“Arrogance is ignorance matured,” reads an age-old phrase, made popular recently in the context of Tuesday’s election by Martin Sheen. He was commenting on presidential candidate Mitt Romney, but my digression into national politics will end here with the hope that by today, all the election madness will have died down.
The quote struck me not only because of how well it applied in Sheen’s context, but because of how well it applies to our campus climate right now. In the last issue of the Index, a heated article was published as a harsh critique of our Arts and Cultural Events Board. Although it generated some buzz, it did so by taking an extremely close-minded stance on the issue that was rather one-sided.
Whether or not the accusations outlined in the argument were true, the piece immediately lost credibility, when this imbalance became apparent. The author seemed uninterested in finding out more information about ACE Board policies or attempting to determine why decisions were being made, and really invested in creating as dramatic an affair as possible.
This scares me.
In today’s world, where publishing an opinion is as simple as hitting the “tap to tweet” button, we need to be especially careful and vigilant when sharing our stances on issues. Why? Because we don’t spend the time we used to—like the philosophers and great thinkers of the past—with the content before publishing it. We don’t take the time to consider both sides of the issue, or take the time to be careful with our words, so that we are not misunderstood or misinterpreted. It’s almost as if we don’t even take the time to care about how the things we say will affect others.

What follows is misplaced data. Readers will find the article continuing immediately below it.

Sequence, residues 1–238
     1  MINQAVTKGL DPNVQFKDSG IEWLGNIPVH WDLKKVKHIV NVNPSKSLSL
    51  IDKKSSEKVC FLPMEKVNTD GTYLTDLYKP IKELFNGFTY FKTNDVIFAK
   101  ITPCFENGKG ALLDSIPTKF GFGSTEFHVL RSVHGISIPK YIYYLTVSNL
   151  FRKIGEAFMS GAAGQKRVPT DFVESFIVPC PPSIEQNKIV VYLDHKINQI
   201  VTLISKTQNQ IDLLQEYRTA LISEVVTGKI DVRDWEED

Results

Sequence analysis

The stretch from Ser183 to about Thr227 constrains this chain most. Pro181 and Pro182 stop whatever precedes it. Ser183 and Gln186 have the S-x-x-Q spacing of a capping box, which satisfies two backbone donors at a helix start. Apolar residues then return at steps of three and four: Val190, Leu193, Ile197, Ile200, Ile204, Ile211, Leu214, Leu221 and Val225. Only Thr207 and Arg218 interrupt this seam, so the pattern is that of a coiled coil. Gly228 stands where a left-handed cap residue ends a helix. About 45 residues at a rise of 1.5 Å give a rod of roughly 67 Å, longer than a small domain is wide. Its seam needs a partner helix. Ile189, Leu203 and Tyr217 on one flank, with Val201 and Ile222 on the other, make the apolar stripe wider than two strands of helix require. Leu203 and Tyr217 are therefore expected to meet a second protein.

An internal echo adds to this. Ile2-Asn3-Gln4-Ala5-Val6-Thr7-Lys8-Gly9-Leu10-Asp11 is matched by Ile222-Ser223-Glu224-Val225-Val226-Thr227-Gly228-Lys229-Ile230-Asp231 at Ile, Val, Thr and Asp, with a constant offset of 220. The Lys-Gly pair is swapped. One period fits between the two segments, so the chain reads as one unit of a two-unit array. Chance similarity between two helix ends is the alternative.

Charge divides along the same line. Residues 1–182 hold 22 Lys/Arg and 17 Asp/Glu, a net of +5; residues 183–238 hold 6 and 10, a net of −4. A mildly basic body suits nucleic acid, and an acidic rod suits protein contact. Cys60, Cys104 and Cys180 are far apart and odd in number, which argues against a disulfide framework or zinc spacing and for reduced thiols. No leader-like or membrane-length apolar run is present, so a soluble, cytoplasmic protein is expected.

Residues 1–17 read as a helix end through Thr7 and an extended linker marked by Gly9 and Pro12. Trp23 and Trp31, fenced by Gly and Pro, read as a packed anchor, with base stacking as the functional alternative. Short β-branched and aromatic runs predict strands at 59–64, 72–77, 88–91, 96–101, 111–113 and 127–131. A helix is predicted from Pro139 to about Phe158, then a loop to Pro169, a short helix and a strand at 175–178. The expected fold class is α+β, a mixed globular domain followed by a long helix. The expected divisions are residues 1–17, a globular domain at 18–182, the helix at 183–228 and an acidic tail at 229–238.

This is ignorance. Refusing to learn more about the issue, to spend time before developing an opinion, and instead tweeting, “I hate such-and–such! #soannoyed” helps no one. Worse, in our polarized society, where everything is dramatized, we feel the need to have a stance on issues, even ones we know nothing about.
I think this is the type of change that we need to see: people comfortable with not knowing how they feel about something and to feel the power of actually thinking through a problem from both sides before reaching a strong conclusion that means so much more. If we don’t, our opinions are ignorant and therefore useless.
So whenever we write anything down and especially when we take the time to write up a column or blog discussing our opinion on an issue, let’s take the time to slow down and think it through. Because what we say will have an impact on our audience, and whether that is positive or negative all depends on the care placed in writing the words. We need to check our ignorance before it becomes arrogance and feel comfortable with where we are, exploring and questioning the world around us, taking it in and gaining a deeper understanding before critiquing it to shreds. Perhaps the world would be a much better place if we all learned to open our ears a little more and open our mouths a little less.

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